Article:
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Meet the Marrying Professor

Our Professors have private lives. Sometimes, their private lives become part of ours.

Before your imagination gets ahead of yourself, no, this is not a tale of student-teacher relationships (at least, not of the romantic kind). Associate Professor Yu Shi Ming from the Department of Real Estate was a licensed solemniser up till 2015- that’s right, he’s the one who says, “I pronounce you husband and wife” at the end of wedding ceremonies. His presence in his students’ lives goes from the classroom to the ballroom, having officiated the marriages of over 100 former students.

The Ridge spoke with A/P Yu to find out his thoughts about romance on campus and how he perceives his role in his students’ love lives.


How did you former students approach you to be their solemniser? Do they write in with, “Hey Prof, remember me? I’m getting married!”?

Yes, many would introduce themselves as my former students; although some only revealed it to me at the ceremony. In the past, some of them were already a couple while studying in NUS/ Real Estate. Nowadays, this is not so common.

A/P Yu at a solemnisation ceremony. Credit .
A/P Yu at a solemnisation ceremony. Credit .

Have there been any couples who got married on campus? If so, what are the most interesting places in NUS you have solemnised marriages?

Of course! Many of them were foreign students who met while studying in NUS, so they liked the idea of having their solemnization on campus. Central forum; U Town; halls and residences; student lounges; restaurants on campus; etc., there are a lot of places you can hold your ROM in NUS.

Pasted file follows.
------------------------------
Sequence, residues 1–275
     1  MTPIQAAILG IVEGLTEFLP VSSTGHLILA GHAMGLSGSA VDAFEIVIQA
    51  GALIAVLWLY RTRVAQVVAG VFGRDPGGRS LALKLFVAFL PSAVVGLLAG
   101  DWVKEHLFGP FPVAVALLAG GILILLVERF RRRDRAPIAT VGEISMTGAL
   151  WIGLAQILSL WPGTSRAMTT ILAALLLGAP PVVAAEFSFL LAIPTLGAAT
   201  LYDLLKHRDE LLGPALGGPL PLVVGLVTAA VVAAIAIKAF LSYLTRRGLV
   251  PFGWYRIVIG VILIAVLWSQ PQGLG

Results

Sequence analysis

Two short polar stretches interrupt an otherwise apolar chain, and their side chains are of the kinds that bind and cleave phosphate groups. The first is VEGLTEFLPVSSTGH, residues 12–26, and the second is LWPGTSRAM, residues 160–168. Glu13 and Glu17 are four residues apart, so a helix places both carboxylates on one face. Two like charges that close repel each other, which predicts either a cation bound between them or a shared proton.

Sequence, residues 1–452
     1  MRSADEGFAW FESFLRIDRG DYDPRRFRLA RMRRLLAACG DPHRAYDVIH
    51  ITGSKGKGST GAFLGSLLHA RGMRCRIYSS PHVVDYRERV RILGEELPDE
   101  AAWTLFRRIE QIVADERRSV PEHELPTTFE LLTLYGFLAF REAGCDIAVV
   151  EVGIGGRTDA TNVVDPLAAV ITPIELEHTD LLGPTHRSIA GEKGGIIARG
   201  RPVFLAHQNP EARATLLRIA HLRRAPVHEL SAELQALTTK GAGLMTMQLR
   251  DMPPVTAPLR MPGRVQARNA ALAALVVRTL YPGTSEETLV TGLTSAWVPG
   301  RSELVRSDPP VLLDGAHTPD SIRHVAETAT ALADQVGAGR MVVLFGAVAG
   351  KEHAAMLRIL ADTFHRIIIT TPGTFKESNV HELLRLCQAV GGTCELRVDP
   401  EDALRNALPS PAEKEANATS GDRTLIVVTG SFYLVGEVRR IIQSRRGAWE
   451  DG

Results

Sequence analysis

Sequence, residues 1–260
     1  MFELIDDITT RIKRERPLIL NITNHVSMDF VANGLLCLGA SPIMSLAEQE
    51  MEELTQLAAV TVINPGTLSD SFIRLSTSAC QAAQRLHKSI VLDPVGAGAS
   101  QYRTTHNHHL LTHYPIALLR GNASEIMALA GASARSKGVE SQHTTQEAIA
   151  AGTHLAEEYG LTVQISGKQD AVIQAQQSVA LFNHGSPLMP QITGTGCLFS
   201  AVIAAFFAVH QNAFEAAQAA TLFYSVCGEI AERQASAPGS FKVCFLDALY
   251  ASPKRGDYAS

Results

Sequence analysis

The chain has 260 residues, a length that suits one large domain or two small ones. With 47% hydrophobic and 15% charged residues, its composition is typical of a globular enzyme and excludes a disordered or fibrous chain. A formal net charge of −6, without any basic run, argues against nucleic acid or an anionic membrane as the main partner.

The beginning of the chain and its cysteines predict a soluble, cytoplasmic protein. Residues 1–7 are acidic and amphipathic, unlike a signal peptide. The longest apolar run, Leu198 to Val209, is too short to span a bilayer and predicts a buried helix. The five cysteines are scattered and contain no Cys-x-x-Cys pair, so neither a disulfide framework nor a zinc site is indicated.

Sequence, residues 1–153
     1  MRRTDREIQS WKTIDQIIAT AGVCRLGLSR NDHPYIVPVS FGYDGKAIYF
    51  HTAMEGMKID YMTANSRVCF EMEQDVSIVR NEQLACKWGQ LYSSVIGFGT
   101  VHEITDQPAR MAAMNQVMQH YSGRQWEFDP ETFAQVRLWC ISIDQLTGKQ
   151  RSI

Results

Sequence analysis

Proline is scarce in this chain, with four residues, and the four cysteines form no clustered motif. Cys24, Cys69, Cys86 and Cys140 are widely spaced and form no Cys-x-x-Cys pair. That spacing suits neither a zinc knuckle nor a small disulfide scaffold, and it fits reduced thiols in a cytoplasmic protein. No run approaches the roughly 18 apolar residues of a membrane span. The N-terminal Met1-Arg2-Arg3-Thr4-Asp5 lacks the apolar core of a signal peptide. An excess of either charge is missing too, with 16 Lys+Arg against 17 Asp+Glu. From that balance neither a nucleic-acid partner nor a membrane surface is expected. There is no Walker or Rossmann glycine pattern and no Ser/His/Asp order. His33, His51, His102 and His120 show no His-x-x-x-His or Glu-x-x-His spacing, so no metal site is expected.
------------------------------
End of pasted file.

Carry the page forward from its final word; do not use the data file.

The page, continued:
I feel that its quite satisfying in that they see you as more than just their former professor. Some still keep in touch after graduation so that makes it very fulfilling for me.

Do you think school is a good place to find love? What makes love on campus special compared to romance that happens at other stages in life?

Not the early school years but tertiary institutions – this is probably the age group when young people start to think about partners and marriage. Also, it’s the phase when young people are most exposed to the opposite gender, especially for those from single sex schools. If students can manage their time to build relationships while studying, why not?

A/P Yu (right) with a couple whose marriage he solemnized. Credit .
A/P Yu (right) with a couple whose marriage he solemnized. Credit .

What does it mean for you to be such a big part of your students lives – as their professor and for some, the one who officiates their marriage?

I feel that its quite satisfying in that they see you as more than just their former professor. Some still keep in touch after graduation so that makes it very fulfilling for me.

Any advice for students intending to tie the knot soon?

I think couples should focus on the marriage rather than the wedding; focus on building the relationship and plan ahead about family and home. After all, the wedding is only an event after all.


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